A massive front door, created locally and crafted from steel and brass, is made to represent the gates of the locks of the Panama Canal. Through the front entry way, indoor water landscapes maintain the flow. On the other end of the expansive main living area, steps descend to a semi-Olympic infinity pool that appears as if it extends right into the Pacific.
Inside, the villa is a travelogue of Bern’s trips abroad and an homage to his native Panama — from items from his private collection and others bought as new acquisitions to complement the home.
A solid brass Burmese bell from Myanmar welcomes guests as they ascend the grassy walkway that leads to the villa. Four antique Thai chofas, hornlike structures that resemble birds, are made of gold and displayed on a multilevel base at the center of the villa’s hanging octagonal staircase. A large temple gong from a trip to Thailand invites anyone who enters to pick up the mallet and strike so that the sound reverberates through the expansive structure.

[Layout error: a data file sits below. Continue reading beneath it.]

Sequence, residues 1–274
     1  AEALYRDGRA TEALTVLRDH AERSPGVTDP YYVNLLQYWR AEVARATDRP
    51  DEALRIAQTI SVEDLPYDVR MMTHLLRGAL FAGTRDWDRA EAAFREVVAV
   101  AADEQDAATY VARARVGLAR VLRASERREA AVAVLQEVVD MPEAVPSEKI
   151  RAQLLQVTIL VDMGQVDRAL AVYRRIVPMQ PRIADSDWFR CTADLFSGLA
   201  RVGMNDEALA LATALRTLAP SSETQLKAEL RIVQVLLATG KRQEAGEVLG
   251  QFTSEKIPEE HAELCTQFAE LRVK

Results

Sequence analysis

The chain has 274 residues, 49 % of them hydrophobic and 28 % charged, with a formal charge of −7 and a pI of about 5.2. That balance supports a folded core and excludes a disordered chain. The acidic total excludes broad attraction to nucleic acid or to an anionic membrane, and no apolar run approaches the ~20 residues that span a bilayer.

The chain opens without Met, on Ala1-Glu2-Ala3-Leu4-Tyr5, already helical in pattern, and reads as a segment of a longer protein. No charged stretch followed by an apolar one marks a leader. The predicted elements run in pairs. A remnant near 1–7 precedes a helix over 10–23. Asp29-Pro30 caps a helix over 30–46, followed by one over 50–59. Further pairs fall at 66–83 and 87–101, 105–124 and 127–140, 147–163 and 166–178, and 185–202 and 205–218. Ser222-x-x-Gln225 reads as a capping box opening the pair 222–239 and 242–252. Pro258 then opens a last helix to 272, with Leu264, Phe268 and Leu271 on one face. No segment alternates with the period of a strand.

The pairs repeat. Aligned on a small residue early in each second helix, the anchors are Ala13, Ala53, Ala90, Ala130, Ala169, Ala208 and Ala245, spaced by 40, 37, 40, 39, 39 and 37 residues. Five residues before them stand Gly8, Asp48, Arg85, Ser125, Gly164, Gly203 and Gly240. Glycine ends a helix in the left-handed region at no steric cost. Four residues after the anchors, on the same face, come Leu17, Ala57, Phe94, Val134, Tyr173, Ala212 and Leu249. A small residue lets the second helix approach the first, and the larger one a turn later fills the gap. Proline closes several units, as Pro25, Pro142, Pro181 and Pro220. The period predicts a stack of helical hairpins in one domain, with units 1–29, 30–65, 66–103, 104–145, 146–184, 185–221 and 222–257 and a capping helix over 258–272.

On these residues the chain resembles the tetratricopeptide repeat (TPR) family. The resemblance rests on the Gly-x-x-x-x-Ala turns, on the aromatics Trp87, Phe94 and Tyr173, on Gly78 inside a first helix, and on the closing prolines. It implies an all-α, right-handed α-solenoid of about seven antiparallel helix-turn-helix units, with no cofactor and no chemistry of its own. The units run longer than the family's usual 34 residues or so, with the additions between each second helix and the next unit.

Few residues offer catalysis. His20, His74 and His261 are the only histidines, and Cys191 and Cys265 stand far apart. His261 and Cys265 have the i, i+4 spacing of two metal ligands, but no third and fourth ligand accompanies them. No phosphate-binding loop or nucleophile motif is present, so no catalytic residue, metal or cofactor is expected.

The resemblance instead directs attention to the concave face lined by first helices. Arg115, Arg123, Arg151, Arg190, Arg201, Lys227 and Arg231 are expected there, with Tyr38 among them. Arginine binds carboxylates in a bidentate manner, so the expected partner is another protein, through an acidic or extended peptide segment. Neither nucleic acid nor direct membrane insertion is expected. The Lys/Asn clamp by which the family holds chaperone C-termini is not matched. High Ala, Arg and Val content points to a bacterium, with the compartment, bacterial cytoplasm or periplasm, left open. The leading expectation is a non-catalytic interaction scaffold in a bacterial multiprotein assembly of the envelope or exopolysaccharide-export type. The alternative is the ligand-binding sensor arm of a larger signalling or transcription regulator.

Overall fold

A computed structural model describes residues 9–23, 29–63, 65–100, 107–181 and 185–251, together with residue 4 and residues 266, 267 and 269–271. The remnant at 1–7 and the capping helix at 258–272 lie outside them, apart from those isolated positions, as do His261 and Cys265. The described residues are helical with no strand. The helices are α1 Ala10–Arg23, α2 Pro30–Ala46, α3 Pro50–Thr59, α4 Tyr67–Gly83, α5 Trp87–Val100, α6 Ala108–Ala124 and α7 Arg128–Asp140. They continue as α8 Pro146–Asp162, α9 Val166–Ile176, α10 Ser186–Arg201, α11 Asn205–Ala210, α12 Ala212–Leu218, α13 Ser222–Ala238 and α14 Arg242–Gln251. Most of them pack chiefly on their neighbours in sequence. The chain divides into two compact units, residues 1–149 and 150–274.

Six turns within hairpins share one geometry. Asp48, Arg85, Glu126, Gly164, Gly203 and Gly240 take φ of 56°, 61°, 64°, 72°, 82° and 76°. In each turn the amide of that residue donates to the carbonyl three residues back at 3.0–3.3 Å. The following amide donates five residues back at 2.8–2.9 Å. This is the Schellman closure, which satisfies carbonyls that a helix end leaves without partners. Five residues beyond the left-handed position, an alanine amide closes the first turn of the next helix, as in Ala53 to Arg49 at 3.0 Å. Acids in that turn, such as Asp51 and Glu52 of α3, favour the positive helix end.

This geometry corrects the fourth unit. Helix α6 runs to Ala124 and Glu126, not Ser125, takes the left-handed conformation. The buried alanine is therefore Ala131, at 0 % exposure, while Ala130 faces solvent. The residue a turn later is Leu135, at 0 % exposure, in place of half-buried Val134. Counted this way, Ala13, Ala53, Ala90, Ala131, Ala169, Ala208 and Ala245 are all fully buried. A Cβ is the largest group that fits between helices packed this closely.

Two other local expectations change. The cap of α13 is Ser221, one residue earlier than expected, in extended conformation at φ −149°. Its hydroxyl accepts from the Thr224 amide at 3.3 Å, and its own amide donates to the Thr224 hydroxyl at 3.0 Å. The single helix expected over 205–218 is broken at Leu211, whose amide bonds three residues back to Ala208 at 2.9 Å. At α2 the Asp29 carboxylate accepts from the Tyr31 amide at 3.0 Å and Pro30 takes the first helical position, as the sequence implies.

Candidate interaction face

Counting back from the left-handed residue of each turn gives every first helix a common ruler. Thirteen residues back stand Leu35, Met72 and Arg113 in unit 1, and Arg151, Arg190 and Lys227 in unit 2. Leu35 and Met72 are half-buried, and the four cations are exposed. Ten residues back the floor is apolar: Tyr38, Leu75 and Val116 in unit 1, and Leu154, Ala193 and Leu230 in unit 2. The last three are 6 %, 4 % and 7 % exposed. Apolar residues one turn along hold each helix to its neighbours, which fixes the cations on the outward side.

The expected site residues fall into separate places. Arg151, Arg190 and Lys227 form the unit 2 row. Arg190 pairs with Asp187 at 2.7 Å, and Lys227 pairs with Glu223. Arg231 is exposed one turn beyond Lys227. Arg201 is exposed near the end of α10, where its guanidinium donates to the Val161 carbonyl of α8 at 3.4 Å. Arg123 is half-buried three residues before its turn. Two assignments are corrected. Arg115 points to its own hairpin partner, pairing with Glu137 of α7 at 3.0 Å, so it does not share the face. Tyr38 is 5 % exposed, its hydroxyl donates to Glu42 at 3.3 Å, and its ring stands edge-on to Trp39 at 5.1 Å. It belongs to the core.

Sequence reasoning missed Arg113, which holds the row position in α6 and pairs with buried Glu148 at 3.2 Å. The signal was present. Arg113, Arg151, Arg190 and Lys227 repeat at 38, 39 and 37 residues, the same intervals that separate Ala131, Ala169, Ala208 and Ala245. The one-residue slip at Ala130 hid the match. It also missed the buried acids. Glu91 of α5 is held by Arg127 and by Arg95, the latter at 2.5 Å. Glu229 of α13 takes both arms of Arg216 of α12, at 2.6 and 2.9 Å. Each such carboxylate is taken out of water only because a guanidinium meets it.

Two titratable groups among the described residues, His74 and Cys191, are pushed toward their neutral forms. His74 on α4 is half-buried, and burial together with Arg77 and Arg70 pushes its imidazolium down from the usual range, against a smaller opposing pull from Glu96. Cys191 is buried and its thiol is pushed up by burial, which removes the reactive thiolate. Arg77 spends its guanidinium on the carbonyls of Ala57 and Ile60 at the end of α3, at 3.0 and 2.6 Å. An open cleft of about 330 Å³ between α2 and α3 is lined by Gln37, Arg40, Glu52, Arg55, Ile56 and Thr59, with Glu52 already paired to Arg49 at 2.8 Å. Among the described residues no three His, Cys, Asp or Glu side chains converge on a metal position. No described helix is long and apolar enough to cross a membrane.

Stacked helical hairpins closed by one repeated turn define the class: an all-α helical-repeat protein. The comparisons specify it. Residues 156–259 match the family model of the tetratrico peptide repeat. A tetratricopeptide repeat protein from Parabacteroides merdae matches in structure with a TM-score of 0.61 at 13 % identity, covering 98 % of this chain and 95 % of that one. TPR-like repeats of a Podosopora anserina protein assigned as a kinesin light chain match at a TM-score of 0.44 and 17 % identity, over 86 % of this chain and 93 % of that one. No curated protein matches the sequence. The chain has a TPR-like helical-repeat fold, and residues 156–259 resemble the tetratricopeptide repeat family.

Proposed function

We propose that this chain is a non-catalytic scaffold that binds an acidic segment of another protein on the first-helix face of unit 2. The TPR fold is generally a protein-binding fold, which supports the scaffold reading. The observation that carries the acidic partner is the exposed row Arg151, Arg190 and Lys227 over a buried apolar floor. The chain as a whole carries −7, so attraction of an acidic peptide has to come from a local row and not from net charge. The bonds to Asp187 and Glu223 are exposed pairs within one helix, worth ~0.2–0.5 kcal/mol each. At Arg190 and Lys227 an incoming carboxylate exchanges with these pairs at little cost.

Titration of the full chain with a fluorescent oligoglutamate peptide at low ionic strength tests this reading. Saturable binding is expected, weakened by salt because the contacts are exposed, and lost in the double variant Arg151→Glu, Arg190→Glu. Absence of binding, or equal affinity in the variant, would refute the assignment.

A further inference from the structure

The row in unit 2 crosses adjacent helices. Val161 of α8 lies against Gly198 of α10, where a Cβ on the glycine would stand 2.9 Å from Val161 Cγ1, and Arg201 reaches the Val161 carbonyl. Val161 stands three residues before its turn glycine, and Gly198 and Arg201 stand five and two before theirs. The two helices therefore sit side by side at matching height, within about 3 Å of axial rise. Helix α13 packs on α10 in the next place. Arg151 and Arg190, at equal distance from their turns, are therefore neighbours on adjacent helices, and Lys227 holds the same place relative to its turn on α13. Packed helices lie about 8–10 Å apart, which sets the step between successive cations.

“The pieces are a mixture of rare finds from Asia, Africa, and South America,” says Derry.
The contemporary mixes with the antique. A modern show kitchen, Bern says, was purposefully created to encourage guests to interact with whomever is cooking — whether it is one of the property’s top chefs or when the homeowner is hosting private guests. A double opium bed in the living room invites lounging.
Individual rooms are decorated with more acquired pieces. In one of the upstairs suites, a pair of antique, hand-carved doors from Jaipur, India, have been turned on their sides and converted into a headboard. These are combined with a carved mirror that was found in Rajasthan.
The master suite, at a sprawling 1,500 feet, features a private plunge pool, indoor garden, and a Water Temple, a large open-ceiling shower at the center of the room, which continues the water theme that’s evident throughout the house.